Anthony heard from the doorway a voice. Facing it, he smiled. “It’s the physical health self-assessment for my annual physical. I wanted to make sure that I was thorough. Take care of your body and it will take care of you. Plus, I’m in before the deadline. Quality over quantity.” Anthony wagged his finger playfully at the woman in the doorway.

2nd Lieutenant Rya Winthrop leaned against the doorframe with her arms crossed. “Right.”

“On the swing tonight?” Anthony asked, moving past her and heading for the door.

“Yeah, I was headed up to ship stores for some of the binding recouplers for frag grenades. I’ll hit the party late.”

Anthony had completely forgotten about the party. God, where had his mind been lately? His time management skills weren’t proudly showing through today. “Oh, right, the thing in the lounge. I heard about it. Might pop in.”

“Do you live under a rock?” Rya laughed and shoved him out into the corridor. “Everyone’s going to be there.”

“That’s ridiculously cliché and I’m sure factually inaccurate.”

Rya laughed again. “You know what I meant.”

Anthony enjoyed her playfulness. It was a nice change to the normal bravado that security officers tend to sheath themselves in. “Yeah, do you know if they’re going with just the computer for music, or if someone is playing the piano? Ammora isn’t onboard so you know that he isn’t going to be tickling the ivories.”

She shook her head, “No, no computer music. Ammora only plays when he thinks no one is watching. He plays well.”

“He’s been known to hit a wrong note or two… or three, four…”

As they stepped into the turbolift, she bobbed her head in agreement. “It’s kind of like his command style. Just when you think he’s building momentum, sour note. He’s getting back into the swing of things, derailment. Deck 9.”

“What do you mean by that?” Anthony perked an eyebrow. “Deck 10.”

“Ha, beat you. No, I just mean that Ammora seems to get rolling, wobbly as it always seems, and when you think it’s going to smooth out, something else falls off the machine.” Rya shook her head, but she didn’t know how else to put it without being mean and citing individual instances. “It just makes you wonder whether or not he’s cut out to take the role to where it needs to be.”

Anthony hadn’t taken any time to step back and assess Scott’s performance as a leader. He had fought with him in the trenches in the Xovul conflict and they had worked well together. When Ammora assumed command of the department there wasn’t a change to anything that affected Bennett’s duties directly. “I haven’t noticed anything out of the ordinary. Things are good for me.”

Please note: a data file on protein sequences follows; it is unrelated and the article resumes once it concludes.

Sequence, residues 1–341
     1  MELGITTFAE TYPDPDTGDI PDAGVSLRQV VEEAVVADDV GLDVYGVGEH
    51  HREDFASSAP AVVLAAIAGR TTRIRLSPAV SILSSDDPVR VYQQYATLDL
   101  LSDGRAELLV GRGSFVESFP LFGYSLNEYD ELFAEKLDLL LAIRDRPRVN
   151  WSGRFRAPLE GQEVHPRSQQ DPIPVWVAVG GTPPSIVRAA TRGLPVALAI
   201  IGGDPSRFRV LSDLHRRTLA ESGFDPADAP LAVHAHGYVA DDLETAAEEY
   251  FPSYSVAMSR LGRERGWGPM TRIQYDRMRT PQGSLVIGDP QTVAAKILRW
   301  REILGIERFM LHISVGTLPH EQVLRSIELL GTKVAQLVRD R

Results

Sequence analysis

“Anthony, you’re so blissfully naïve. That’s a good thing. Just think about some of the decisions that he’s made, the way he talks to people, and the way he carries himself. I’m not dissing the guy, I swear, but is he command material? I’m not sold. It’s the little things.”

“He’s not Grey.”

Rya mouth closed in an articulate and serious change in facial expression. “No, he is not.” The turbolift slowed to a stop and the doors opened, “This is my stop. Anyway, there’s going to be a band at the party, I hear. Lieutenant Quince and some engineers created a band, if you can call it that, and they’re going to play.”

Oh, okay, that might bode well. Anthony had walked in on them practicing in the holodeck a couple of months back and they sounded decent enough. Same kind of problem as Ammora, but a step above. Plus, they all knew music. He liked Quince too. He wished he had some musical ability to be able to do something like that in his off time, but alas. “Right on. Well, maybe I’ll see you there then. What’s on the agenda for the rest of the swing shift?”

“Ooh, it’s a banner evening in Security. First, I’ll be inventorying portable plasma shields. Second, a rousing round of reconciling reclamation records…”

“I see what you did there.” Anthony pointed at her.

“And I’ll round it out with partitioning out the personnel non-weapon diagnostic reports so when the Chief has his one-on-ones coming up about equipment integrity, he has someplace to start.” Rya tapped him pointedly in the sternum, “See? Now don’t you want to switch with me?”

“Not in a million years,” Anthony shook his head, “But isn’t that last one Captain Ammora’s job?”

Rya perked an eyebrow, “The little things.” She pushed him back into the lift and the doors closed.

Anthony stood there in the silence for a second, thinking about what she had said. It didn’t matter. Scott was running the department, nothing was on fire, and morale seemed fine enough to him. Was it? In addition to being a procrastinator, in that moment, Anthony realized that he may also be a bit oblivious to that level of interaction amongst his colleagues. “Computer, resume turbolift, Deck 10.”

Personnel Non-Weapon Diagnostic Reports. You’ve got to be kidding me.

“Computer, belay that. Deck 7, Main Security.” Why was he like this? Walking down the corridor back to the offices he had just left, it dawned on him that he had traversed this path three times in the last ten minutes. Once he parted the threshold into the offices, he beelined for the diagnostic console. This one was already almost done, fifteen minutes at most. “Computer, lights.”

Settling in, he activated his inventory. He had taken stock of it earlier in the day, but then had the gall to take a lunchbreak. When he got back, he was swarmed with a bunch of questions regarding a training program that he had nearly aced (they wanted tips, he was honored), and then the daily team meeting. The list went on. He missed this one. Well, and the physical assessment. It happens.